Kiana, a first grader in the Bronx, does her homework after school at Mott Haven Library. Credit: New York Public Library. Kiana, a first grader in the Bronx, does her homework after school at Mott Haven Library. Credit: New York Public Library.

A group of local kids gathered to hug a Bronx library in the rain this afternoon in the hopes of saving the New York Public Library system from budget cuts.

While the weather forced the group hug inside, it apparently did not dampen the kids' spirits in the slightest, reported Director Angela Montefinise, as the kids chanted "stop the cuts" and "keep libraries strong" inside the Kingsbridge library at 291 West 231 Street.

The NYPL, which services the Bronx, Manhattan, and Staten Island, is apparently in for a fiscal battering, facing a possible budget cut of $47 million.

 

This would amount to their total operating budget of approximately $133.6 million being slashed by over a third.

The budget cut would threaten 14 of the city's 91 locations, and could also result in the loss of 720 jobs.

It could also potentially force the libraries to be open only four days per week, rather than the current six or seven days city libraries are accessible to the public.

Bronx library network manager Michael Alvarez is most concerned about this loss of access. While previous budget cuts have resulted in shorter hours, this would be the first year full days would be lost, a loss thatwould likely be hardest on the city's most vulnerable populations, and the ones most in need of the libraries' resources.

"These are sites where seniors and the unemployed go to access technology, whether to update their resume or communicate with their families," Alvarez said. He said many branches are filled with seniors and unemployed New Yorkers in the morning, to use computers or seek career and job counseling services. Students tend to flood in during the afternoon hours, as well as younger kids coming to see music performances and other children's classes and programming during the day.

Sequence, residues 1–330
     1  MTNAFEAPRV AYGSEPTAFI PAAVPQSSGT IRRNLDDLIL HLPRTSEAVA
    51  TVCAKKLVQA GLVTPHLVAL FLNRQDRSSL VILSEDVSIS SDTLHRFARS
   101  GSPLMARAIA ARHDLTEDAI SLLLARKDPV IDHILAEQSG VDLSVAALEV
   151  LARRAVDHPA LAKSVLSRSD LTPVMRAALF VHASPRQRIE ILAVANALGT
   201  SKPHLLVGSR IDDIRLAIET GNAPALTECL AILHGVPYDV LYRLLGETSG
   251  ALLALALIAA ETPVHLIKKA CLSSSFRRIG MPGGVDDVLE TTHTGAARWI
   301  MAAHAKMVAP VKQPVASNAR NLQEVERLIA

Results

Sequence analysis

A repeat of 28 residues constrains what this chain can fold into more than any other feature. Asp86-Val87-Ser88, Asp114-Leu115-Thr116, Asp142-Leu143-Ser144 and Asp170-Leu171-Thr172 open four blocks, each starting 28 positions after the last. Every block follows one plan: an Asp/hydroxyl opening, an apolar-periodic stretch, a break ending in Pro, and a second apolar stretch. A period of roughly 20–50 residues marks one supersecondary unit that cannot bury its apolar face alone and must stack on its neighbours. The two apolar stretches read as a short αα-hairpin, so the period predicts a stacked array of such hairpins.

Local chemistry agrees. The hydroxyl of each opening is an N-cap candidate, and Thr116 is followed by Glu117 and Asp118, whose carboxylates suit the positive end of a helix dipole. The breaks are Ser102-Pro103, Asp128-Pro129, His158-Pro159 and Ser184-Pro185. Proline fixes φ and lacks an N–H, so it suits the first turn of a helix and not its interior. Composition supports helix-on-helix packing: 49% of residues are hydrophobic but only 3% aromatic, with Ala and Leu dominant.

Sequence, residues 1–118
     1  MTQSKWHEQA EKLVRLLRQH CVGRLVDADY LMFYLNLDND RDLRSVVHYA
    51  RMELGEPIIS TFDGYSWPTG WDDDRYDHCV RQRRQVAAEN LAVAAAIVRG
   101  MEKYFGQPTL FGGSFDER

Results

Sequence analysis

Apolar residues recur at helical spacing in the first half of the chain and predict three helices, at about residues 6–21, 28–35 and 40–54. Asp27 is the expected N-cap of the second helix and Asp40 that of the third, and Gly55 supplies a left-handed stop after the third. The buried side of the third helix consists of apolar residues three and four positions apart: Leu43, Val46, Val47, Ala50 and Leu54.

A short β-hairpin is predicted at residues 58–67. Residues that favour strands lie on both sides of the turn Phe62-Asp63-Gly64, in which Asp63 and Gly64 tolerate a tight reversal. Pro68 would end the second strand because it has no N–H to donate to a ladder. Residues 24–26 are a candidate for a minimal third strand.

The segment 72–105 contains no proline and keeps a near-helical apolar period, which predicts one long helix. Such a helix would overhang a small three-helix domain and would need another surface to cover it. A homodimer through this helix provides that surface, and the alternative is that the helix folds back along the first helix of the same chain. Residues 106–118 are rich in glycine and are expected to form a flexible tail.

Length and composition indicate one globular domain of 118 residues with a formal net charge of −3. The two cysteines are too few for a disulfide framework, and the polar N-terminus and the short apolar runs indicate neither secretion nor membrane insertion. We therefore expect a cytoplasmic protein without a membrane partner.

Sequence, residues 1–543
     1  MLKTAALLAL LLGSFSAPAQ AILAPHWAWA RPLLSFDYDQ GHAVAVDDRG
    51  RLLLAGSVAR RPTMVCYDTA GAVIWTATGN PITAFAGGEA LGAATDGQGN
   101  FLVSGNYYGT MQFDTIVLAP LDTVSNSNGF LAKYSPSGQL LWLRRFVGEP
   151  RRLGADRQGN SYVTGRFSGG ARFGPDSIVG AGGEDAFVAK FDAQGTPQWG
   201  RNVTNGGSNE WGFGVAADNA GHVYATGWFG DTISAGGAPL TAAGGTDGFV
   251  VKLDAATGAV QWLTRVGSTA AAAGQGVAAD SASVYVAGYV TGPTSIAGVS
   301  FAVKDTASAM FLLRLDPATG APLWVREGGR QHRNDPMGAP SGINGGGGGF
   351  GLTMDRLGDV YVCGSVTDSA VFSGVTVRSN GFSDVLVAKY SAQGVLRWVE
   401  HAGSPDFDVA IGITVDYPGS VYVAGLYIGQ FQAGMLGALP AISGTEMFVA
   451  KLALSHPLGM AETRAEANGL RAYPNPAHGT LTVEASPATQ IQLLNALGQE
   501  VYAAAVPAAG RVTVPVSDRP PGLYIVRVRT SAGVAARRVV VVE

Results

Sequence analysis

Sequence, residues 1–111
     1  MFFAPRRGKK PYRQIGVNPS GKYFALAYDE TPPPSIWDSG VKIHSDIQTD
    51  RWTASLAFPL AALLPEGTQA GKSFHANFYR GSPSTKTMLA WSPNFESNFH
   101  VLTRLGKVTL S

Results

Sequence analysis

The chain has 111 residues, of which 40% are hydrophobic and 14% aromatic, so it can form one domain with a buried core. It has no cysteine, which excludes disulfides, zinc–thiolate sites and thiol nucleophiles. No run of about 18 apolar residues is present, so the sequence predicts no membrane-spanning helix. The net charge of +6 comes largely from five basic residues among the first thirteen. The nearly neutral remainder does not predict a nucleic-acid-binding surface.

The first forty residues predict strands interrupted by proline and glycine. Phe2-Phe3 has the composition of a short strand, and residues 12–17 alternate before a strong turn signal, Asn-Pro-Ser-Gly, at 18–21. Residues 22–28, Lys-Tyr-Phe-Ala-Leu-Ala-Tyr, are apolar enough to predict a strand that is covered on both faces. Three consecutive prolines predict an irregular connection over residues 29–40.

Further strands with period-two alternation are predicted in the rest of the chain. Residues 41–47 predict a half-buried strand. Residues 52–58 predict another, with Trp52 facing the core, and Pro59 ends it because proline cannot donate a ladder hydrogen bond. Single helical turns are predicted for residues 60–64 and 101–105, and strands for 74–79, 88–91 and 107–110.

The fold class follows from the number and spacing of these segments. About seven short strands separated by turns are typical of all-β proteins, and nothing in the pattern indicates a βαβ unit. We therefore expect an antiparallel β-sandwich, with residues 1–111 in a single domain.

Students who make use of the libraries' resources would also be hurt by the cut, Alvarez said—and not simply in the form of fewer books and electronic resources: the staff often helps students with homework questions, everything short of trigonometry, Alvarez joked.

With these budget cuts, the NYPL says career and job counseling services would be cut by about a third, and children's classes and programs by more than half.

Alvarez said the library system will continue their advocacy campaign until the budget is adopted at the end of June. All libraries are hosting letter-writing campaigns for users, and short forms are available at nypl.org/speakout.

After years of "horrendous" budget cuts, Alvarez says the program is non-baseline cuts—even when monies are put back into the NYPL budget, it's always just compensating for previous cuts, and never fully.

"What we're actually hoping is at some point to change the conversation from looking at cuts and what it means for branches in the communities," Alvarez said, "to actually seeing an increase, and looking at how we can expand services, if we can expand hours."

In the current economy, Alvarez noted, with many New Yorkers juggling several jobs, sometimes on top of school, earlier or later access to libraries is becoming increasingly necessary for those who need it most.

Follow Danielle Tcholakian on Twitter @danielleiat

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